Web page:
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acquainted advantage affairs afterwards America answer appeared arrived Assembly attended become began beginning Benjamin Boston brought building called carried character colonies common conduct continued desired electricity England experiments father fire formed Franklin friends gave give given governor hand heard hundred interest kind land learned leave length letter lived London manner matter means mentioned mind morning nature never night Note observed obtained occasion opinion passed Pennsylvania persons Philadelphia poor present printing proposed Quakers reason received sail says seems sent shillings ship sometimes soon Street success taken things thought tion told took town turn virtue whole writing written wrote York young
Seite 296 - Happy the man*, whose wish and care A few paternal acres bound, Content to breathe his native air In his own ground. Whose herds with milk, whose fields with bread, Whose flocks supply him with attire, Whose trees in summer yield him shade, In winter, fire.
Seite 371 - Things, for they may all be blasted without the Blessing of Heaven; and therefore ask that Blessing humbly, and be not uncharitable to those that at present seem to want it, but comfort and help them. Remember Job suffered, and was afterwards prosperous. And now to conclude, Experience keeps a dear School, but Fools will learn in no other...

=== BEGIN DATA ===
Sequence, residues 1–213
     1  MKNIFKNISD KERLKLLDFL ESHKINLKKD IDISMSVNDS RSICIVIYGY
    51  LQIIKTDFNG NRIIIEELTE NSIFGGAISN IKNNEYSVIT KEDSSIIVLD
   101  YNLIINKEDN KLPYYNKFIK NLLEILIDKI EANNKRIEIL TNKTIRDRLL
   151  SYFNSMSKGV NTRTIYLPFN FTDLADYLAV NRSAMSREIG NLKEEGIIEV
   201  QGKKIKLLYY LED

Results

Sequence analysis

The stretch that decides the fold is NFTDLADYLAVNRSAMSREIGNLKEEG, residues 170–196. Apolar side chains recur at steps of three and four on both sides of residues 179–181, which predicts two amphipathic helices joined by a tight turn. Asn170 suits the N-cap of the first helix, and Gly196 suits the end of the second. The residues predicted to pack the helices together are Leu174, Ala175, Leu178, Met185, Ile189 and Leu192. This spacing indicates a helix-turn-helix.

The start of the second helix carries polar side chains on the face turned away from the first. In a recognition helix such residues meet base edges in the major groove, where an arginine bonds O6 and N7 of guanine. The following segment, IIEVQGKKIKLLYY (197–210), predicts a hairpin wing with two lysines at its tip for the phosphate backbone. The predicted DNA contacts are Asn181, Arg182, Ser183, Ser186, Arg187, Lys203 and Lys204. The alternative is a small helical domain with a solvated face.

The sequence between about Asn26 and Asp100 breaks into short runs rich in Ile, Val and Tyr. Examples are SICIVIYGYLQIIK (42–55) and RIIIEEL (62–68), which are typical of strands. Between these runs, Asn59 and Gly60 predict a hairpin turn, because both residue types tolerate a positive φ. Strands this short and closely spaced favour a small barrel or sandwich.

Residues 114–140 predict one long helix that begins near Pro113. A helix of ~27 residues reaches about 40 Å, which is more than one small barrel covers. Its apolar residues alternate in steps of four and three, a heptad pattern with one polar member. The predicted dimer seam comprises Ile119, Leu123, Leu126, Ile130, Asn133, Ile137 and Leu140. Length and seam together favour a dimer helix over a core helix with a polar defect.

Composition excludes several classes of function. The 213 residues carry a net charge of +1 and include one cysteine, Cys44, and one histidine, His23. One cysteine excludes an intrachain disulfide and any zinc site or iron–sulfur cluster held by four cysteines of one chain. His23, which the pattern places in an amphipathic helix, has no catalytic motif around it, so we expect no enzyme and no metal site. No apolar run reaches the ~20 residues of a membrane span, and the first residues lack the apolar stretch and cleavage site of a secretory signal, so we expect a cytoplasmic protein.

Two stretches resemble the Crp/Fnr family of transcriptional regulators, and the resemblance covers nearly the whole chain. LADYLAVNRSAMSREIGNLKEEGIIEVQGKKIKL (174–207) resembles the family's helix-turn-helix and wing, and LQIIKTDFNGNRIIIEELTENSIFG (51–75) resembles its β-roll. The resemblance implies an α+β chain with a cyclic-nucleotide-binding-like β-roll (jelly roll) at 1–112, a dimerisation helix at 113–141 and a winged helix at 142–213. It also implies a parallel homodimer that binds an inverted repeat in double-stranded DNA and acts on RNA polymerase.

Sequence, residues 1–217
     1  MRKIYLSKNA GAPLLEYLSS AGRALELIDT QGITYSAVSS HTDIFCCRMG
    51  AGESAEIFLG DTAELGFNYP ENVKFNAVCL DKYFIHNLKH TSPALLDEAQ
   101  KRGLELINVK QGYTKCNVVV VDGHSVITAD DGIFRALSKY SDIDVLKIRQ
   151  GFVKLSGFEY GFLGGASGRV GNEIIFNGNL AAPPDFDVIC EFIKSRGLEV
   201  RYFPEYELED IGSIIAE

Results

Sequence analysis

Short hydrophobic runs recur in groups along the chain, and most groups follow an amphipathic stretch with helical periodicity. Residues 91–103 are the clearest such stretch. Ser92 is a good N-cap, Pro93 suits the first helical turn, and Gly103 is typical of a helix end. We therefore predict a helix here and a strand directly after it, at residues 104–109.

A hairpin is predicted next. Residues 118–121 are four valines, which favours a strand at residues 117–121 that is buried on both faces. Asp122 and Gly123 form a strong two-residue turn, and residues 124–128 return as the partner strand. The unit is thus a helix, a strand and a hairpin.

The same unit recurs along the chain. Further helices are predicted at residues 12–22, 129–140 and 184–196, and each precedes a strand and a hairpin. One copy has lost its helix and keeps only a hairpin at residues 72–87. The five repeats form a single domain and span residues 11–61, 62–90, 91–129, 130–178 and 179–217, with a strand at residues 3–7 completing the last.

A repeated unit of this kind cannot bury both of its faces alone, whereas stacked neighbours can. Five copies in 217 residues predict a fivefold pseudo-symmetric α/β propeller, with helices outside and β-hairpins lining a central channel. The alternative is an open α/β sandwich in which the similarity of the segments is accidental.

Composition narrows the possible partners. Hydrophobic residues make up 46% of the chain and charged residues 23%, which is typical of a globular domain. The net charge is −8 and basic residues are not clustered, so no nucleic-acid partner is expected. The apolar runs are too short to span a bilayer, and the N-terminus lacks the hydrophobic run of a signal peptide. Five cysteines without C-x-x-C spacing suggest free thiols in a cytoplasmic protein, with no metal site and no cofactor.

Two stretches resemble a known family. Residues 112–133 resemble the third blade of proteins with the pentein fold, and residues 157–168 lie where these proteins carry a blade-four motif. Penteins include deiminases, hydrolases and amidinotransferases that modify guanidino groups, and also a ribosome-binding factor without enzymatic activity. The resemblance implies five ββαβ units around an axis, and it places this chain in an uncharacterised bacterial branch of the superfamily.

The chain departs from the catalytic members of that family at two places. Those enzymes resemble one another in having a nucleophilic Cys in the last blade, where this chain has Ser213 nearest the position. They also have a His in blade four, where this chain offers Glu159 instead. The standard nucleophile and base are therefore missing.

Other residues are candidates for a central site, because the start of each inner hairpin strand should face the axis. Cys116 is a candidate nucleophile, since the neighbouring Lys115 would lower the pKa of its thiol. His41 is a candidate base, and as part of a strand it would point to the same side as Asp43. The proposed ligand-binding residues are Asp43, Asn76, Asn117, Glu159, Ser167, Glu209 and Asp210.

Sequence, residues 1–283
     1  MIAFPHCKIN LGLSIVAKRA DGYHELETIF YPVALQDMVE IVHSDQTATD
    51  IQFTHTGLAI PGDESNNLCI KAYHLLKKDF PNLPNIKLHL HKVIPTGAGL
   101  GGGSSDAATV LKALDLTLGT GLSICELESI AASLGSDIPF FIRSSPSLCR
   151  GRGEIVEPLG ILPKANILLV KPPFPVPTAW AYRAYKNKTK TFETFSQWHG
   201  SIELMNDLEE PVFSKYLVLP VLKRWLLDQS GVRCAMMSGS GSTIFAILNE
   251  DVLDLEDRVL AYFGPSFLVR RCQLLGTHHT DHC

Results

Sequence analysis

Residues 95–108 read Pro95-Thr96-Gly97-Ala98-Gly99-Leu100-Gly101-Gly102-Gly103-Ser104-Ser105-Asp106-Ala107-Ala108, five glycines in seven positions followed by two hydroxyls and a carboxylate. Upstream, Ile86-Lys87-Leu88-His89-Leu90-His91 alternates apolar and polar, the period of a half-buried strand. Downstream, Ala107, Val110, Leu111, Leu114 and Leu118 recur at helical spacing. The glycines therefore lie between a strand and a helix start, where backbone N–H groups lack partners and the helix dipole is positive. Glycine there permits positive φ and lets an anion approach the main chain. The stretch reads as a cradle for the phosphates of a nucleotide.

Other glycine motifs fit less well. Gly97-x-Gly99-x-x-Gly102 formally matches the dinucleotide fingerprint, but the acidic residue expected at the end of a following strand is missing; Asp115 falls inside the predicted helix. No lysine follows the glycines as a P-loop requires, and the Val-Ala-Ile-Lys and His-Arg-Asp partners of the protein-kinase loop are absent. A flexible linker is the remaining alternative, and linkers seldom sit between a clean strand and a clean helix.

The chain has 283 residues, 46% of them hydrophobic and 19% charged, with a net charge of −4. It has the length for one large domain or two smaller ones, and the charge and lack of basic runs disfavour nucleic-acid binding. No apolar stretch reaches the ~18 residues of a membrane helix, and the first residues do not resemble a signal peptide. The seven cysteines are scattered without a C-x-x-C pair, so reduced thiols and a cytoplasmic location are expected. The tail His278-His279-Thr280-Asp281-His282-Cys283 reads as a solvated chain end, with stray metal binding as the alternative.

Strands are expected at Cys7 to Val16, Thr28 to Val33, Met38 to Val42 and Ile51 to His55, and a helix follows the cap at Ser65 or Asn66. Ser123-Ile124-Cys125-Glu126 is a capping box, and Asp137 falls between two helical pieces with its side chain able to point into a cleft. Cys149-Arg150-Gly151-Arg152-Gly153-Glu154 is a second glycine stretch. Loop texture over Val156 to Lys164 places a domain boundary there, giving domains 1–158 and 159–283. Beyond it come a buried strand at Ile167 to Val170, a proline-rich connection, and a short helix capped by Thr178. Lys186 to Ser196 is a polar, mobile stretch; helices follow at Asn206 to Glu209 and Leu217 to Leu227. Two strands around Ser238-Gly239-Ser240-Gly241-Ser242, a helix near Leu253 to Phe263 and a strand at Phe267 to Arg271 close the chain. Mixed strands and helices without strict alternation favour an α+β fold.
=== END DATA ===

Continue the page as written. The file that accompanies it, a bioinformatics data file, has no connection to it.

Seite 143 - ... place. This and the next, Order, I expected would allow me more time for attending to my project and my studies. Resolution, once become habitual, would keep me firm in my...
Seite 35 - I went for a draught of the river water; and being filled with one of my rolls, gave the other two to a woman and her child that came down the river in the boat with us, and were waiting to go farther.
Seite 9 - My elder brothers were all put apprentices to different trades. I was put to the grammar-school at eight years of age, my father intending to devote me, as the tithe of his sons, to the service of the Church. My early readiness in learning to read (which must have been very early, as I do not remember when I could not read...
Seite 322 - The small progress we have made after four or five weeks' close attendance and continual reasonings with each other, our different sentiments on almost every question, several of the last producing as many Noes as Ayes, is: methinks a melancholy proof of the imperfection of the human understanding. We indeed seem to feel our own want of political wisdom, since we have been running all about in search of it.
Seite 30 - So I sold some of my books to raise a little money, was taken on board privately, and as we had a fair wind, in three days I found myself in New York, near 300 miles from home, a boy of but 17, without the least recommendation to, or knowledge of any person in the place, and with very little money in my pocket.
Seite 172 - The request was fortunately made to perhaps the only man in the company who had the firmness not to be affected by the preacher. His answer was, "At any other time, friend Hopkinson, I would lend to thee freely ; but not now, for thee seems to be out of thy right senses.
Seite 369 - Creator of the Universe. That he governs it by his Providence. That he ought to be worshipped. That the most acceptable service we render to him is doing good to his other children. That the soul of man is immortal, and will be treated with justice in another life respecting its conduct in this.